Range Resources not forthcoming
This letter is in response to John Campbell’s letter to the editor Monday on Range Resources and natural gas drilling in Robinson Township.
I also attended the earlier township meetings where Range’s requests for a conditional-use permit were discussed. But I do not agree with Campbell. Shawn Gallagher, the attorney for Range Resources, hasn’t been forthcoming with information that would be necessary for our elected officials to make a sound decision on the conditional use permits.
Range may have provided some information. However, this was all very standard information. That’s where it ended. Range would not even provide the township with a correct site plan. The minute the township asked questions, Gallagher rushed to close his case. The supervisors are just doing their due diligence by asking questions, expecting answers and applying township ordinances.
Gallagher claims Robinson Township is not proceeding in good faith. I disagree.
Range filed an application for one well pad in September. Gallagher then requested the township not hold the first meeting until Dec. 10. The township agreed. The Dec. 10 meeting occurred and Gallagher handed the supervisors a two-inch binder of information, then stated they were done.
During public comments, residents asked questions, but Gallagher wouldn’t answer them. The supervisors stated they needed time to review the binder, and the public would have a chance to review the public documents. It appeared Gallagher did not want anyone to ask questions.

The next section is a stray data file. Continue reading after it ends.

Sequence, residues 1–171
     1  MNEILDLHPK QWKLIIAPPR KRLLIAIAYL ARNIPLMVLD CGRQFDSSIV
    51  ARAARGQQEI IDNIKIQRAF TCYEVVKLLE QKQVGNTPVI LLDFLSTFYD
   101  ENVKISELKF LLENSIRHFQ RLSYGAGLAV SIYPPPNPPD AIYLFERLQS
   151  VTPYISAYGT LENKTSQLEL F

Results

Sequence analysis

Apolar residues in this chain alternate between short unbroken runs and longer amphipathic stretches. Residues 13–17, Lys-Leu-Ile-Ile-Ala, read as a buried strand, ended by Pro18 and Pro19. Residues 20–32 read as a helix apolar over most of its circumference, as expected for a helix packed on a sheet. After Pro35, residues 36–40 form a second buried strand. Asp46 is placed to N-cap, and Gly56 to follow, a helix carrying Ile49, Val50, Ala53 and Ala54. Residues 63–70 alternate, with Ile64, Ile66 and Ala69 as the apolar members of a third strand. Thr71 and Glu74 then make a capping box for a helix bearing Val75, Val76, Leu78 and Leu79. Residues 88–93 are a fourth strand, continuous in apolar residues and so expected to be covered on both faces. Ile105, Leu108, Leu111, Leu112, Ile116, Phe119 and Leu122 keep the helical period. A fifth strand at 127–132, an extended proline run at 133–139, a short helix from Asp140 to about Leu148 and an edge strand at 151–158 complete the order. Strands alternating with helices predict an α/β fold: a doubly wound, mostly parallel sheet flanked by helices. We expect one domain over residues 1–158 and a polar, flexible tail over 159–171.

At the start of the Jan. 14 meeting, Gallagher was present. He took a seat among the residents. The room was packed. The secretary announced that they would be moving the meeting into the garage, which could hold everyone. We all stood and began to move to the garage, but Gallagher left the building.
Many residents had comments and questions for Range but Gallagher ran from the meeting. Why won’t he answer questions?
Range seems to be expecting to get what they want without regard for Robinson Township’s concerns or ordinances and is not proceeding in good faith.
Mr. Campbell, there are taxpaying residents who feel that moving forward with this industry requires protecting the health, safety, and welfare of the community first. If this industry is really concerned with being good neighbors they would abide by township ordinances instead of threatening lawsuits.